Structuring Songs in Ableton Live

The Wavediggerz


We’ve all been there. You got this game changing song idea in your head. You rush to Ableton to turn the idea into reality. For sure “this time” once you get it on the canvas, everything will fall right into place. You get the basics of the idea down, listen to the loop of it, and..... everything goes blank. It all started out so simple. What was once your ticket to stardom, is now just a collection of good ideas cobbled together with no real direction of how to turn this into a real song.

If you’ve produced for any length of time, I know you’ve felt this pain. It’s frustrating, and demoralizing. “How do the pros manage to churn out so many hits?” you ask yourself. Whereas there are no “secrets” to turning great ideas into great songs, there are a collection of tips and tricks professionals use to help expedite the process, and make things a lot easier. Today, I want to share with you four of those very tricks, with the hope that at least one of these helps take your song creation to the next level.

1. Choose a Tempo Reference Track

This one is VERY personal to me! One of the biggest challenges I had early on in my production journey was after getting my ideas down, the speed in my head never matched the speed I FELT in the DAW. Either the drums felt too fast to groove to, or the samples felt to slow to provide the needed energy. It wasn’t until I had a conversation with a veteran producer (whose clients include Ludacris and Big Sean to name a few), that the solution was clear.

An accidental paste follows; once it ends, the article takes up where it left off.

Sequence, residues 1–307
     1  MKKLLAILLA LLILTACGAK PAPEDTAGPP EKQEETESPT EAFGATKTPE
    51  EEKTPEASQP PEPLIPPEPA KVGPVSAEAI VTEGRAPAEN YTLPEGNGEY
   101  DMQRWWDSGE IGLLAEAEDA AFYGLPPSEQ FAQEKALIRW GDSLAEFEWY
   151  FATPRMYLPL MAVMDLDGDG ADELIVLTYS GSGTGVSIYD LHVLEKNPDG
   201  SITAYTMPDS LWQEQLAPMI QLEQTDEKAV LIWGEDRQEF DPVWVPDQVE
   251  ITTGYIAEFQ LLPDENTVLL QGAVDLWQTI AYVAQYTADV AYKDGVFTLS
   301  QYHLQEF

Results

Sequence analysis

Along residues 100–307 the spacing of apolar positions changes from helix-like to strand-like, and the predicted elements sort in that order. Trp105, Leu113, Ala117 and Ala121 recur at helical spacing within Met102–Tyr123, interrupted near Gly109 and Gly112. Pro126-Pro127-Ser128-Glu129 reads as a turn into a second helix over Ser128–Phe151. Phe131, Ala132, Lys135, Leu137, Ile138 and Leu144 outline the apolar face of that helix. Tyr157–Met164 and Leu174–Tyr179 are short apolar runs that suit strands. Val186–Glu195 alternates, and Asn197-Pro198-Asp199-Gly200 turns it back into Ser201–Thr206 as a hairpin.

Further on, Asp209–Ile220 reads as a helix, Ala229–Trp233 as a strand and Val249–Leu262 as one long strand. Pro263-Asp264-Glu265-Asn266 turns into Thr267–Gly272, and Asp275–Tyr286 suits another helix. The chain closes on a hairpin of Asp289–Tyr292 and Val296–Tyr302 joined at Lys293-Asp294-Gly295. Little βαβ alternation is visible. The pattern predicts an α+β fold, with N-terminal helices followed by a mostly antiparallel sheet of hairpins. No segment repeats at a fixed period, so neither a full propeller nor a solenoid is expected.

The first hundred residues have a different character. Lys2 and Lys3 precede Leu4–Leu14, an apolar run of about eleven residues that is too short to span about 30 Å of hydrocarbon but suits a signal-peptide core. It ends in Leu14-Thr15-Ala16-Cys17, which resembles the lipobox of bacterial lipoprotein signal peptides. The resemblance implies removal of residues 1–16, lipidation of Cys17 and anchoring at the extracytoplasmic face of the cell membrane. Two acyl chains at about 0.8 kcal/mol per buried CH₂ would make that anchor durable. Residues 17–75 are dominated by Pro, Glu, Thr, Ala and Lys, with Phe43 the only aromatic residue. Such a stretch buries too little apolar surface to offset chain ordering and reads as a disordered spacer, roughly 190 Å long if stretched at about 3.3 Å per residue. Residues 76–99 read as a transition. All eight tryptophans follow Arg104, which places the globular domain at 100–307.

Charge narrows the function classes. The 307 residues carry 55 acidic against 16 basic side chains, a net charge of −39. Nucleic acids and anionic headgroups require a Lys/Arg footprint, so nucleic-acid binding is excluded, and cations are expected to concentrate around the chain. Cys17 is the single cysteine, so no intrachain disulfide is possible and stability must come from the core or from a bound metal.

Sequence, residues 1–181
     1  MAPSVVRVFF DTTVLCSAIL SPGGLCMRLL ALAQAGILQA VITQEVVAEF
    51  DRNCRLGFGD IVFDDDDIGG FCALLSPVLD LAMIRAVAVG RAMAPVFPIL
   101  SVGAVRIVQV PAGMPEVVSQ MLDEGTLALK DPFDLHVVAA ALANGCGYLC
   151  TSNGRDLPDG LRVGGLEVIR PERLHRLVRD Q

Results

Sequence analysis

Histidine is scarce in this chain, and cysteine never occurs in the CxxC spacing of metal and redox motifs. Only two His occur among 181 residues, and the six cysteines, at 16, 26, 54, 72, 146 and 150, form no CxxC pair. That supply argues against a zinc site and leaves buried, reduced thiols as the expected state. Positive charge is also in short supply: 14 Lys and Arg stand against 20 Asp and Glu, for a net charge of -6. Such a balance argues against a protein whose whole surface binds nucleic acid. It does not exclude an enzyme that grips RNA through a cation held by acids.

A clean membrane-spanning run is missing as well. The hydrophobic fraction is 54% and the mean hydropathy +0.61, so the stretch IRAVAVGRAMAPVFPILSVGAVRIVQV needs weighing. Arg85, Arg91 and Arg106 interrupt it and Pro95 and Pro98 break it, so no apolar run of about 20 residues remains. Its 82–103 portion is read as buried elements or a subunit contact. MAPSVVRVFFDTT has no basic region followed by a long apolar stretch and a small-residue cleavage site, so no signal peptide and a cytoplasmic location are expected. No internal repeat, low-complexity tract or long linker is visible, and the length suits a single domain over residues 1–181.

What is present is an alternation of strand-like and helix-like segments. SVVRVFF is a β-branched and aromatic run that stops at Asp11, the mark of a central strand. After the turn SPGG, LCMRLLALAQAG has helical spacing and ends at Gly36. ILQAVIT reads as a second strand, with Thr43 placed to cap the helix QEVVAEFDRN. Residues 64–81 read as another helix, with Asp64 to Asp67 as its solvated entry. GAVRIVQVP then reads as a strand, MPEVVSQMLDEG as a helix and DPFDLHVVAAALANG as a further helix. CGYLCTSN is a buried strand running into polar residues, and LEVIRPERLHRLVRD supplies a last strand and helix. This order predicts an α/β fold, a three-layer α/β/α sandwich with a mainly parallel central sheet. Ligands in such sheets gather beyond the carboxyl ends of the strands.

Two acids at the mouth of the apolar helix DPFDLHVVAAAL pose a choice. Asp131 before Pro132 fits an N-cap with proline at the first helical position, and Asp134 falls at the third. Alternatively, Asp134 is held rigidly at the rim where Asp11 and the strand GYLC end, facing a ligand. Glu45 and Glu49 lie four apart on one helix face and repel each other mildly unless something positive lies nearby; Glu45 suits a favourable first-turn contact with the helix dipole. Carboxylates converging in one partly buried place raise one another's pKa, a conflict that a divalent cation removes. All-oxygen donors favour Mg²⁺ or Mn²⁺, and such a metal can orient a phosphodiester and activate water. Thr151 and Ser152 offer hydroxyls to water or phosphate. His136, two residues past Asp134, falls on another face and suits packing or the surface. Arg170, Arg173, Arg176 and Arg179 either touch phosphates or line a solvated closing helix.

When industry producers go into the studio, time is money. So instead of “figuring out” a tempo for the song, they simply mimic the tempo from an already proven song that has a similar vibe. This way, they know for certain the speed will be correct. Having that in place, you’re already setting the song up for success because the pace will be one that connects with the intended audience.

In Ableton, this is fairly easy to do. If you import an audio file into an audio track, you should see something at the bottom of the screen that resembles the image below:


If you notice, there’s a box labeled “Warp.” This allows you to take any song, and align its speed to the current track tempo. What it also does is calculate the imported song’s tempo. Now you will already have a built-in component of the song that you know will win over your intended crowd well.

If you’re unfamiliar with how to use the Warp function, here’s a great tutorial by DJ Bolivia that explains everything. (LINK HERE)

2. Treat Your Song Like a Sandwich

Making music and cooking food have a LOT of similarities (at least in my humble opinion). Both involve sourcing quality ingredients (e.g. fruits/veggies vs samples), using the most appropriate cookware (e.g. cast iron pans vs plugins), as well as finding the most appropriate “recipe.”


Another one that crosses my mind is the concept of a sandwich. If you think about the best sandwiches, each layer of the sandwich brings its own unique and important flare, having too much of any layer hurts the taste, and generally speaking, to make a great sandwich, the four main layers you need are: top bun, meat, cheese and bottom bun. Structure your song should be very similar. Any layer/sound you have in your track should offer something unique that the other layers can’t. You should also make sure you don’t add too much of any layer, else you risk ruining the “taste.” And just like a typical sandwich, you don’t “need” much more than four layers to make it a hit. Many really great songs just have Drums, Bass, Melody Line and Accompanying Melody line (five layers if you include vocals).